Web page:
Press Release -- Middle East and North Africa

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Nadine Ghannam
Phone: +1 (202) 473-3011

Economies in Middle East and North Africa Reform Business Regulation to Boost Entrepreneurs

Washington D.C., October 20, 2011— A new IFC and World Bank report finds that 11 out of 18 economies in the Middle East and North Africa improved business regulations for entrepreneurs in the past year, moving forward despite political and economic uncertainty in the region.

Released today, Doing Business 2012: Doing Business in a More Transparent World assesses regulations affecting domestic firms in 183 economies. The report ranks the economies in 10 areas of business regulation, such as starting a business, resolving insolvency, and enforcing contracts. The study’s methodology expanded this year to include indicators on getting electricity connections.

Morocco improved its business regulation the most compared to other global economies, climbing 21 places to 94, by simplifying the construction permitting process, easing the administrative burden of tax compliance, and providing greater protections to minority shareholders. Since 2005, Morocco has implemented 15 business regulatory reforms. 

The report finds that six of the region’s 18 business regulatory reforms measured made it easier to start a business. For example, Jordan reduced the minimum capital required to start a company, and Oman’s new one-stop shop for entrepreneurs cut business registration time from seven days to three. 

Saudi Arabia remained the regional leader with a global ease of doing business ranking of 12. Qatar implemented its first reforms since 2005 and climbed to 36 on the global scorecard by improving its credit information system. The United Arab Emirates further streamlined the requirements for business start-up, and improved its ranking to 33. 

New data show that the region can improve access to information on business regulations. “The region’s entrepreneurs can be empowered by stronger institutions and better access to information,” said Neil Gregory, Senior Manager, Global Indicators and Analysis, World Bank Group. “In more than half of the region’s economies, an entrepreneur must meet with an official to get fee schedules or documentation requirements for many business procedures. E-government initiatives, the global trend, can help relieve bureaucratic burdens on entrepreneurs by offering transparent and sustainable solutions.”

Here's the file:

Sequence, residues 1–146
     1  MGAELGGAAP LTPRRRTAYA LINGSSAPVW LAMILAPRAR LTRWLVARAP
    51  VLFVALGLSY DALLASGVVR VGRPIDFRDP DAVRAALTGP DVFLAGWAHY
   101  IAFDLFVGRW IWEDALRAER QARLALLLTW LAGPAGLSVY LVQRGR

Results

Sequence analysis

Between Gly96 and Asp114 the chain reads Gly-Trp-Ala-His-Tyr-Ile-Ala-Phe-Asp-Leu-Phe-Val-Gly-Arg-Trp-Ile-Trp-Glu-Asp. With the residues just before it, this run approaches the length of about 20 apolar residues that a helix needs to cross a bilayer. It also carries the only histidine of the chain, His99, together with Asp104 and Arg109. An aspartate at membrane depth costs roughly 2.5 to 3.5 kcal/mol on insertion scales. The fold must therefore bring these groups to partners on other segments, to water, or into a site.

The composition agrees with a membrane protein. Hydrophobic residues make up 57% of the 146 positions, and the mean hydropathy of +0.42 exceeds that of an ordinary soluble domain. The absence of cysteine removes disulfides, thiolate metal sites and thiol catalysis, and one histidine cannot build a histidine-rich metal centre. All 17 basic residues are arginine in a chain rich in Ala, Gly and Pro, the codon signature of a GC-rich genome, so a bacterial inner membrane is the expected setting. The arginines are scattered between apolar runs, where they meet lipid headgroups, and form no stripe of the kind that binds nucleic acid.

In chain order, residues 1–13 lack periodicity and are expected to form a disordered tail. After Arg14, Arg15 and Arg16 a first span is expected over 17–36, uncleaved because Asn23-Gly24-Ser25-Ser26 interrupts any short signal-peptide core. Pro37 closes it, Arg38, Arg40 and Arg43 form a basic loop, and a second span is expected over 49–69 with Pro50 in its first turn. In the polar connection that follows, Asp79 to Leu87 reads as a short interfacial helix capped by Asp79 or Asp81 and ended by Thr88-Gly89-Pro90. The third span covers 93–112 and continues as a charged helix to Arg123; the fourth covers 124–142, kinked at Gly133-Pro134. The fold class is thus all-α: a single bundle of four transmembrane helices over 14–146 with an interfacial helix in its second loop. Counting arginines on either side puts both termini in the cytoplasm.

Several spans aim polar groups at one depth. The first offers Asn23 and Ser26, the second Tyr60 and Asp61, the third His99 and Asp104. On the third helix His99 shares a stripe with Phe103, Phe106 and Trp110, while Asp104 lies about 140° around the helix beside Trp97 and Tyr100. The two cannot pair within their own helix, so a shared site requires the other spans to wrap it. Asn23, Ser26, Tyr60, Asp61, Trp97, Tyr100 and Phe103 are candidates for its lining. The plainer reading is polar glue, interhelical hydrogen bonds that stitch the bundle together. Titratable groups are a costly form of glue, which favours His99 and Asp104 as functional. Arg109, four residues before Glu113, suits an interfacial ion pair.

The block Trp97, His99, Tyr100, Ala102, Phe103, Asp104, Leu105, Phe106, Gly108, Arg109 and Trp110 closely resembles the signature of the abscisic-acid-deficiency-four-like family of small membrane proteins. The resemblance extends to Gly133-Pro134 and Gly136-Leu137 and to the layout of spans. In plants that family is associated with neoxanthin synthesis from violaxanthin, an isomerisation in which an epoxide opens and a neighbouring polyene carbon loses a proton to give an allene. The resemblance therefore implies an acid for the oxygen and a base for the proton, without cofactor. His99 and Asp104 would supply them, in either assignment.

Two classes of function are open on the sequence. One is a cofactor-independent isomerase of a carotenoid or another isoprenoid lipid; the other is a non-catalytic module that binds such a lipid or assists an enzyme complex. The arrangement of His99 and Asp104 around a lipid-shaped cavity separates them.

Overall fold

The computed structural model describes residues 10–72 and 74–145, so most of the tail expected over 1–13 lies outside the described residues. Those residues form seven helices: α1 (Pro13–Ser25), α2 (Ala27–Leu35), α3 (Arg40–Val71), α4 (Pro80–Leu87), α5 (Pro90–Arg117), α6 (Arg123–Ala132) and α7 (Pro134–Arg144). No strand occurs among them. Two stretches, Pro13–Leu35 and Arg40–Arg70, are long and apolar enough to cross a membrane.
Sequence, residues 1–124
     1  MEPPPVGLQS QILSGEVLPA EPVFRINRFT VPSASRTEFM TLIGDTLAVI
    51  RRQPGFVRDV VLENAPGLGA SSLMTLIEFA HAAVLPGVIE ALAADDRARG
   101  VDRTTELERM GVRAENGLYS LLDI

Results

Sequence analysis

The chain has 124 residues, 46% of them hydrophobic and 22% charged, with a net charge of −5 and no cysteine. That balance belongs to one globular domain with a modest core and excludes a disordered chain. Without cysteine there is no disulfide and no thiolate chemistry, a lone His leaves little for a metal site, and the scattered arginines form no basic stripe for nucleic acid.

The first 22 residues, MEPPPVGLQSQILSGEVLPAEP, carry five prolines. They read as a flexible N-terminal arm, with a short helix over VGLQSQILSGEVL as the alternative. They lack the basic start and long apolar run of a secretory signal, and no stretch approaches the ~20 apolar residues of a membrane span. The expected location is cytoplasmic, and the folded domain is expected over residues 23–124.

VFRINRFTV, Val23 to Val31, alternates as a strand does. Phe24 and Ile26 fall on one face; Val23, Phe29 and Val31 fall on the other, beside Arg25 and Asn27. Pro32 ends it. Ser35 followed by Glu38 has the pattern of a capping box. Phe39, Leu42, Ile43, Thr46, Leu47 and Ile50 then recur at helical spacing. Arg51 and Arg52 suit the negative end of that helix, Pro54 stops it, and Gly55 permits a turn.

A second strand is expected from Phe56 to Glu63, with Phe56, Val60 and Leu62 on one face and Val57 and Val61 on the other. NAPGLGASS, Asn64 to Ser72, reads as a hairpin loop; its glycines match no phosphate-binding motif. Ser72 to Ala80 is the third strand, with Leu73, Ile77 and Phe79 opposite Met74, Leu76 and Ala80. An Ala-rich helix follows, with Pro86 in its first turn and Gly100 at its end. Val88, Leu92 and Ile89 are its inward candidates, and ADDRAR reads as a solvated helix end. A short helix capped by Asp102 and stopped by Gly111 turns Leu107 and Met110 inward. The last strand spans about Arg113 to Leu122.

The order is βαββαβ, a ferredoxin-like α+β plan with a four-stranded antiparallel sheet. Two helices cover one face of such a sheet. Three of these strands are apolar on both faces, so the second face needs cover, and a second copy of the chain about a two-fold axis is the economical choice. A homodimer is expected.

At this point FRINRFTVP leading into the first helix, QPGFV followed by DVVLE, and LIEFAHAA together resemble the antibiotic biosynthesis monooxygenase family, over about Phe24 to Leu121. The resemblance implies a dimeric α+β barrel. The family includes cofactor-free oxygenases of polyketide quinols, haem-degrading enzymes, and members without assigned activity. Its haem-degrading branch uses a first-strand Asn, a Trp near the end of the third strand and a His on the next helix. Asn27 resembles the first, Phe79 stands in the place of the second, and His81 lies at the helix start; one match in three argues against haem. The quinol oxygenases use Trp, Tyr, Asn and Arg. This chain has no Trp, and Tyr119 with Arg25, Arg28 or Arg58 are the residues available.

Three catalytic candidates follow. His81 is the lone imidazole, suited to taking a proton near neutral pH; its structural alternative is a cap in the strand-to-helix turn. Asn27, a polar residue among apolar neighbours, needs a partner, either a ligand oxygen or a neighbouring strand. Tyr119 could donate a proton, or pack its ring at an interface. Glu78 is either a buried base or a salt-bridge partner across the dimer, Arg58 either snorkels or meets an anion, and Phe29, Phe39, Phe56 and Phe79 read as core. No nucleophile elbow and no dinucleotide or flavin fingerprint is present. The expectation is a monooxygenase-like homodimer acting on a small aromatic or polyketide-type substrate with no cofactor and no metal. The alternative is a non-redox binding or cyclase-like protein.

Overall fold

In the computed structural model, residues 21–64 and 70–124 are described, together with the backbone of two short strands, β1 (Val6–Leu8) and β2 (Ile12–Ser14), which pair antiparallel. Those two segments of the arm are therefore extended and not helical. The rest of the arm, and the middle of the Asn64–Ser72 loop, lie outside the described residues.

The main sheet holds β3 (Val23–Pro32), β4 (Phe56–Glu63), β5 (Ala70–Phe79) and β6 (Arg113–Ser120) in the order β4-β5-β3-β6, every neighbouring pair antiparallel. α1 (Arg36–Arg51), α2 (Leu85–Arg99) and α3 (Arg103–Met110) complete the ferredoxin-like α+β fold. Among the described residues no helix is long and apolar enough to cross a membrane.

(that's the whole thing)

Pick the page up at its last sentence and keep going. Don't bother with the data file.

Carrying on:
Over the past six years 17 economies in the Middle East and North Africa have made their regulatory environment more business-friendly. “Making business regulations more efficient and accessible increases opportunities for economic growth,” said Augusto Lopez-Claros, Director, Global Indicators and Analysis, World Bank Group. “By helping businesses get started, the economies of the Middle East and North Africa can offer hope to entrepreneurs, who are the engine behind job creation.”

About the Doing Business report series

Doing Business analyzes regulations that apply to an economy’s businesses during their life cycle, including start-up and operations, trading across borders, paying taxes, and resolving insolvency. The aggregate ease of doing business rankings are based on 10 indicators and cover 183 economies. Previous year’s rankings are back-calculated to account for the addition of new indicator(s), data corrections, and methodology changes in existing indicators so as to provide a meaningful comparison with the new rankings. Doing Business does not measure all aspects of the business environment that matter to firms and investors. For example, it does not measure security, macroeconomic stability, corruption, the level of skills, or the strength of financial systems. Its findings have stimulated policy debates in more than 80 economies and enabled a growing body of research on how firm-level regulation relates to economic outcomes across economies. For more information about the Doing Business report series, please visit Join us on Facebook.

About the World Bank Group

The World Bank Group is one of the world’s largest sources of funding and knowledge for developing countries. It comprises five closely associated institutions: the International Bank for Reconstruction and Development (IBRD) and the International Development Association (IDA), which together form the World Bank; the International Finance Corporation (IFC); the Multilateral Investment Guarantee Agency (MIGA); and the International Centre for Settlement of Investment Disputes (ICSID). Each institution plays a distinct role in the mission to fight poverty and improve living standards for people in the developing world. For more information, please visit,, and

Regional Media Contacts:

Middle East and North Africa  
Riham Mustafa +202 (2) 4691-4230 Tina Taheri Moayed  1 (202) 473-1075 
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